From the search conducted inside the home, officers seized various papers and documents containing other individuals' personal identification and social security numbers, several fraudulent credit cards, two laptop computers, and two cell phones. Hudson was charged with the use, or possession with intent to fraudulently use, personal identification information without consent. Based on what they found at the home and in the vehicle, the officers concluded that the money Hudson was carrying was obtained either through the sale of controlled substances or through identity fraud. They then seized both the money and Hudson's vehicle to begin the process of forfeiture.

         The City provided Hudson with a notice of seizure, and informed him of his right to request an adversarial preliminary hearing pursuant to section 932.703(2)(a), Florida Statutes (2015).[1] Hudson refused to sign the notice and failed to request an adversarial preliminary hearing. Thereafter, the City filed its forfeiture complaint and affidavit, and the trial court entered an order finding probable cause based on the City's documents. See § 932.704(5)(b), Fla. Stat. (2016); see also Sanchez v. City of West Palm Beach, 149 So.3d 92, 97-98 (Fla. 4th DCA 2014) ("Only where 'no person entitled to notice requests an adversarial preliminary hearing' is the court's review limited to the traditional probable cause determination where the court 'review[s] the complaint and the verified supporting affidavit to determine whether there was probable cause for the seizure.'" (alteration in original) (quoting § 932.704(5)(b))). Later, Hudson filed a written response to the City's forfeiture complaint, but the trial court deemed his submission to be a mere unsworn denial of the allegations in the City's complaint, rather than defenses to the forfeiture.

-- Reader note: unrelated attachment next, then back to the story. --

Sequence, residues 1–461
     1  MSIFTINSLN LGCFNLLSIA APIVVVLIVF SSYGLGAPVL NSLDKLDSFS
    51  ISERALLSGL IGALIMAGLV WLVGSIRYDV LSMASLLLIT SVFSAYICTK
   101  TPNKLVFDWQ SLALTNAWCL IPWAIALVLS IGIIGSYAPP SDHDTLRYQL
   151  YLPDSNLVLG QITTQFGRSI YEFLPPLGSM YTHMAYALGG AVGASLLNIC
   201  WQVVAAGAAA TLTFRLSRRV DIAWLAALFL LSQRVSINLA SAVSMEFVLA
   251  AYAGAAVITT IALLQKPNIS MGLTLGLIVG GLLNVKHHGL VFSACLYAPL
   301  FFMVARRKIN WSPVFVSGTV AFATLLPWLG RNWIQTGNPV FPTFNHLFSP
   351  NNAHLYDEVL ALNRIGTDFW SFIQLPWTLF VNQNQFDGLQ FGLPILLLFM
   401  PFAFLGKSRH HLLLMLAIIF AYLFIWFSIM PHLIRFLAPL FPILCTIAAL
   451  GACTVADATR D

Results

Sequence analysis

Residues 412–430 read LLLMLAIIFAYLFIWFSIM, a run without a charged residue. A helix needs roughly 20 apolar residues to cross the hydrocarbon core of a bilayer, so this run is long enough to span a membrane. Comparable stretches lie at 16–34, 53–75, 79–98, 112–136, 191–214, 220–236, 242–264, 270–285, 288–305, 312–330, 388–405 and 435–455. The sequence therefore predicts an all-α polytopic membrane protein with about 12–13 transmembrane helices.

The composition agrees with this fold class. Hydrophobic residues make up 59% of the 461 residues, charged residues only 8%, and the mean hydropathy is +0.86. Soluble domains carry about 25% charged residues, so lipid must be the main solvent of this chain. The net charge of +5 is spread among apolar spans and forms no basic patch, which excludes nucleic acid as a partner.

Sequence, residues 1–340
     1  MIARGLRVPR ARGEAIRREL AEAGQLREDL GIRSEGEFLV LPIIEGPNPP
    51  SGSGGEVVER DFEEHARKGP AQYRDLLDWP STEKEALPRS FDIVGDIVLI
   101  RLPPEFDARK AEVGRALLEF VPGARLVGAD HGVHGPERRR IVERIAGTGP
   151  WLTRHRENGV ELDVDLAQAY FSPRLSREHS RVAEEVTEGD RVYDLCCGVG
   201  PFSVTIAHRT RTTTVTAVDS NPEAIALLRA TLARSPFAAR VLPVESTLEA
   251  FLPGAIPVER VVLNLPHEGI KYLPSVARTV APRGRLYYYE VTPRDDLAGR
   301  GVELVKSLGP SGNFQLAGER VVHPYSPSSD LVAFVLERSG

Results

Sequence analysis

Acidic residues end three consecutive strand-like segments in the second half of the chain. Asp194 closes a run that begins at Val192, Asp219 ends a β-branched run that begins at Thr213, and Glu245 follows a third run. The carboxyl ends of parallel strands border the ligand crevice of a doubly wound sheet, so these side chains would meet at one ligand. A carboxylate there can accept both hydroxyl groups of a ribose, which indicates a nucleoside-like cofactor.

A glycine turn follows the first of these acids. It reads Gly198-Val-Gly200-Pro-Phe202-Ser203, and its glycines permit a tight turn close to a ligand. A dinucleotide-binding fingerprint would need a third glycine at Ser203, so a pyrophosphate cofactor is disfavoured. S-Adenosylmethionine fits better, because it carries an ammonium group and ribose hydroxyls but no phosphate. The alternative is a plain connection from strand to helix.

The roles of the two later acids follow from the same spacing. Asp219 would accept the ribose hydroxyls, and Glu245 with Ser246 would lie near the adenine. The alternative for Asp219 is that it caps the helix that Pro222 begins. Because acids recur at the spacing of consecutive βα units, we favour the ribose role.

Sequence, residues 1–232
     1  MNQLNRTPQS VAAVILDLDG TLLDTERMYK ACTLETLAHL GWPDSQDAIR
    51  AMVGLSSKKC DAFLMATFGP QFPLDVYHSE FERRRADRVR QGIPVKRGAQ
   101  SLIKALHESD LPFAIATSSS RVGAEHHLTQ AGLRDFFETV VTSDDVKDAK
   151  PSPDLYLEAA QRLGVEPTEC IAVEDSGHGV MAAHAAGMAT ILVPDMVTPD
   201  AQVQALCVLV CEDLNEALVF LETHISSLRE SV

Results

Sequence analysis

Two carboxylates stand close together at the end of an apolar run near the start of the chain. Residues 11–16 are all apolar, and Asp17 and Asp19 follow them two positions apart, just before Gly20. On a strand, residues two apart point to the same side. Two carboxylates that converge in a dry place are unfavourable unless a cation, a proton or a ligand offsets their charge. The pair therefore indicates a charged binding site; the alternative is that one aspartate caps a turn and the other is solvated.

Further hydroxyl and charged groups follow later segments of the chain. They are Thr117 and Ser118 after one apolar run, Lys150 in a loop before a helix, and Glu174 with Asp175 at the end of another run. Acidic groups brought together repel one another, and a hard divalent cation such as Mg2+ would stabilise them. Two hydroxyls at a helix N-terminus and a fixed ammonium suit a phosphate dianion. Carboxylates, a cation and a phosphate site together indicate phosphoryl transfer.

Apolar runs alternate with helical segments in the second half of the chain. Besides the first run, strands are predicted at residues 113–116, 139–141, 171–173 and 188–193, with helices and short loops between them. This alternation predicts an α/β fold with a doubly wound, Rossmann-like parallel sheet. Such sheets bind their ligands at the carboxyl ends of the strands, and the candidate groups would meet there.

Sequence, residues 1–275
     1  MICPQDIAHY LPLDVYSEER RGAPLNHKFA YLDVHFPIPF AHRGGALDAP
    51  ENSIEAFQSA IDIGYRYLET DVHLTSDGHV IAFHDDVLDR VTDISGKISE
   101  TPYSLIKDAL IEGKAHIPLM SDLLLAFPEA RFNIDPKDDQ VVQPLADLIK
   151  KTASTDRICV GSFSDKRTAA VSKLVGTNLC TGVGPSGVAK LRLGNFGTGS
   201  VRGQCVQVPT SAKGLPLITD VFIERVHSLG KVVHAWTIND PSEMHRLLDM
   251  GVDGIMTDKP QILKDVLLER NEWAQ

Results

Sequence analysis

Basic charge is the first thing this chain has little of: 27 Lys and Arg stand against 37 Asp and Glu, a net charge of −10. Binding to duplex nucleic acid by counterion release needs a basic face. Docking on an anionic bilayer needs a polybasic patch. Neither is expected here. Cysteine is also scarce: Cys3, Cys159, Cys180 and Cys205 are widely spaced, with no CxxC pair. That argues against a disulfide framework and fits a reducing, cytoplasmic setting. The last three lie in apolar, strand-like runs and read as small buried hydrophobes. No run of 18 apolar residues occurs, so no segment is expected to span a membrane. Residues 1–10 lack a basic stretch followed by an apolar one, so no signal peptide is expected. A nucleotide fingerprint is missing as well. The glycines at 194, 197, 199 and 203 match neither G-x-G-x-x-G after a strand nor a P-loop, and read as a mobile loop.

Six months later, the City filed a motion for summary judgment against Hudson in the forfeiture proceeding. Hudson then filed an unsworn affidavit in opposition to the City's motion and attached a sworn affidavit from his mother, which stated, "I Catherine Hudson swear and affirm that [I] gave my son Michael Hudson $1, 550.00 in [U.S.] currency as a birthday gift."

         Thereafter, the trial court held a hearing on the City's motion for summary judgment. Near the end of the summary judgment hearing, Hudson advised the trial court that "the issue of standing, from my understanding and my position is that it should be a hearing before the Court where the Court determines if I have standing or if I'm a claimant or not and even in the same case law that [the City] cited, on here it says that." The City responded that Hudson's bald assertion that "the money is mine, " sworn or otherwise, was insufficient for Hudson to carry his burden to prove that he was entitled to an evidentiary hearing. See Fraser v. Dep't of Highway Safety & Motor Vehicles, 727 So.2d 1021, 1024 (Fla. 4th DCA 1999).

         The trial court granted the City's motion and entered final judgment in its favor as to both the money and the vehicle, finding that Hudson did not have standing to contest the forfeiture. In doing so, the trial court ruled that the only sworn testimony submitted in opposition to the City's motion for summary judgment, namely the mother's affidavit, was legally insufficient since it contained just one sentence that purported to describe a portion of the $1, ...